Using the History page in Foursquare, for example, you can enter notes about what you did, saw, or spent at each location. As your check-ins add up over time, the Stats page in Foursquare provides hands stats such as where you check in most often. If it sounds like a hassle to pull out your phone and check in every time you stop at one of your regular destinations--well, there's an app for that. The Checkmate app for Foursquare checks you in automatically when it detects that you've arrived at a specific address.
Because location-based apps have a social networking component, you can easily share your daily routes with your employees, business partners, or suppliers.
Let's say that you either lead or belong to a team of mobile workers. You and your teammates need to keep track of each others' routes, whether to coordinate activities or to avoid duplicating work.
Of course, successfully using a location-based service for this purpose depends on having all members of the team voluntarily share their location via the app throughout the day. This can happen easily if people can use the tool in a way that benefits everyone on the team (not just the boss) by helping them get more done in less time at less expense and with a minimum amount of travel.
3. Get Tips
Location-aware services like Foursquare allow you to get the straight dope about nearby businesses that you're considering patronizing. When Foursquare users check in from a given place, the app asks them to post "tips" about their experience. These tips usually contain information specific to the place and its product, but can also provide invaluable real-world looks based on actual experience. Like this: "This place is packed and the wait staff can't keep up." Or: "It's Saturday night at 7:30pm and this place is almost empty." Or: "The grilled cheese sandwiches here truly live up to the hype, but I am now $15 lighter. Sigh." This type of information can be very helpful when you're trying to decide whether to patronize this place or that one.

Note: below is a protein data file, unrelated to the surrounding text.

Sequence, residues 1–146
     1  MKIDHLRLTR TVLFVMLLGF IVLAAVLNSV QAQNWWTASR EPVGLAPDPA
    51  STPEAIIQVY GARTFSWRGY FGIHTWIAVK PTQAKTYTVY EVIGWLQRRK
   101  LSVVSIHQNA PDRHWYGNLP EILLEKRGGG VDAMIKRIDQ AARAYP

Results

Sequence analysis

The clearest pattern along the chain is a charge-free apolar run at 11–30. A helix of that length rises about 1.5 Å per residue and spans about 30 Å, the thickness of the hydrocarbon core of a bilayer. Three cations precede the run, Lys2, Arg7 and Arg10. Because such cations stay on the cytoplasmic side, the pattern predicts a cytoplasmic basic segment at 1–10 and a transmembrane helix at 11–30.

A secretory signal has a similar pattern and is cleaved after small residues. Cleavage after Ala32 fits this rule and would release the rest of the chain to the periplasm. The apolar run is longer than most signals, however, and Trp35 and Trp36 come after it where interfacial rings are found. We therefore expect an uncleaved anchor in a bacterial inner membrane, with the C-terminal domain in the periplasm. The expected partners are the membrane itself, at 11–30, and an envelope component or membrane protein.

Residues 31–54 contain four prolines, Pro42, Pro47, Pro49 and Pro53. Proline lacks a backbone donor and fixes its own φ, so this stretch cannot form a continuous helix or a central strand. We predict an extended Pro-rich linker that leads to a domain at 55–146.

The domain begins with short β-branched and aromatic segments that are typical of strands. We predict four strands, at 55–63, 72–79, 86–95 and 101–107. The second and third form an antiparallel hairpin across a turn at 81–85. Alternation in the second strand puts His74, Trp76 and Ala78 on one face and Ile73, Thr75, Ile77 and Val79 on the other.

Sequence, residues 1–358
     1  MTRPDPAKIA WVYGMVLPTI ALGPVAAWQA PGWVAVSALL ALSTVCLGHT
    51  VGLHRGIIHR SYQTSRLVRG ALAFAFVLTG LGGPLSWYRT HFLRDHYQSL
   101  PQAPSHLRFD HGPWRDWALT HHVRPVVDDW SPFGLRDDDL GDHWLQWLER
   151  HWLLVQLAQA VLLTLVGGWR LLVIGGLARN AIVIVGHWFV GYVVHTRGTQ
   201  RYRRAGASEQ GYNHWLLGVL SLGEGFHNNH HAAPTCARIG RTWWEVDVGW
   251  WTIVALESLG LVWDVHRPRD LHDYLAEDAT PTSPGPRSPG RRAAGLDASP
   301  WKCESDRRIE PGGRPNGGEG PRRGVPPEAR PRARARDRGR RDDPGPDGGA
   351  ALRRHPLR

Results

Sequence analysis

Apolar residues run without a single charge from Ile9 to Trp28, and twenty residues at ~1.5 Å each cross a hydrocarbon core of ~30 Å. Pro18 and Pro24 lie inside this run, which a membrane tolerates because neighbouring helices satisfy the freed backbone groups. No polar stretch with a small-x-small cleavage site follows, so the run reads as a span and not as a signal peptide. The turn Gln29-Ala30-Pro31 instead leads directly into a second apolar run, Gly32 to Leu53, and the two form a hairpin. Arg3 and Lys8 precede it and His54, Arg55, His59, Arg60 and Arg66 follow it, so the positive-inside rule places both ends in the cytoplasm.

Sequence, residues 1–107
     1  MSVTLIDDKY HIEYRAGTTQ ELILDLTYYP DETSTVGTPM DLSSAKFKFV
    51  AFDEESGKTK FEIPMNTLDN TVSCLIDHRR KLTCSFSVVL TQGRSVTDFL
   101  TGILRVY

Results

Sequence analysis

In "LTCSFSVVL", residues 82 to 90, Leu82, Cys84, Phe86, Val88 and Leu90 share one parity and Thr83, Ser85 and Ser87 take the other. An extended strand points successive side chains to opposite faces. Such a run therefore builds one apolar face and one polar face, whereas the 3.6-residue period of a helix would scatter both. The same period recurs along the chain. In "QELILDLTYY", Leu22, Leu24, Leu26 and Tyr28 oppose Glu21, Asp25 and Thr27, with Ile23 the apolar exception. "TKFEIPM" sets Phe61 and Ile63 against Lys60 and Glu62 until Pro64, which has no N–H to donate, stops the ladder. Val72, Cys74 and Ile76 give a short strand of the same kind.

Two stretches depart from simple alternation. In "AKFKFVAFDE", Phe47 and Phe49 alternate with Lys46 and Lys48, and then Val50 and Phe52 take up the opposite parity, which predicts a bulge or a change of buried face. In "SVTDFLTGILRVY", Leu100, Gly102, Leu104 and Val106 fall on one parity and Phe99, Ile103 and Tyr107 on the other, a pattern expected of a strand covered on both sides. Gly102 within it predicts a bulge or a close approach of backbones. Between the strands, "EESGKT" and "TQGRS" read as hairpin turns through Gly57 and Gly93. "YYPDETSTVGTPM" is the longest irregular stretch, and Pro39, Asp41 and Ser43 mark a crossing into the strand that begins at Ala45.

If you're walking around in a city that's new to you, such tips can be invaluable--for instance, enabling you to avoid taking a chance on a business that looks good from the outside but serves horrible food. A bad experience like that can be far worse if you happen to be entertaining clients.
Scattered among the tips are notes about deals that only local people know about. One happy visitor to Austin, Texas last year found a tip about a barbecue joint that serves large $2 margaritas from 5:00 until 7:00 every evening (yep, it was me). Another tip identified the correct way to order at a local joint to earn the reward of a discount on the food. I've also seen tips warning about specific items on the menu that are a bad bet: "This place is OK, but don't even THINK about trying the sushi."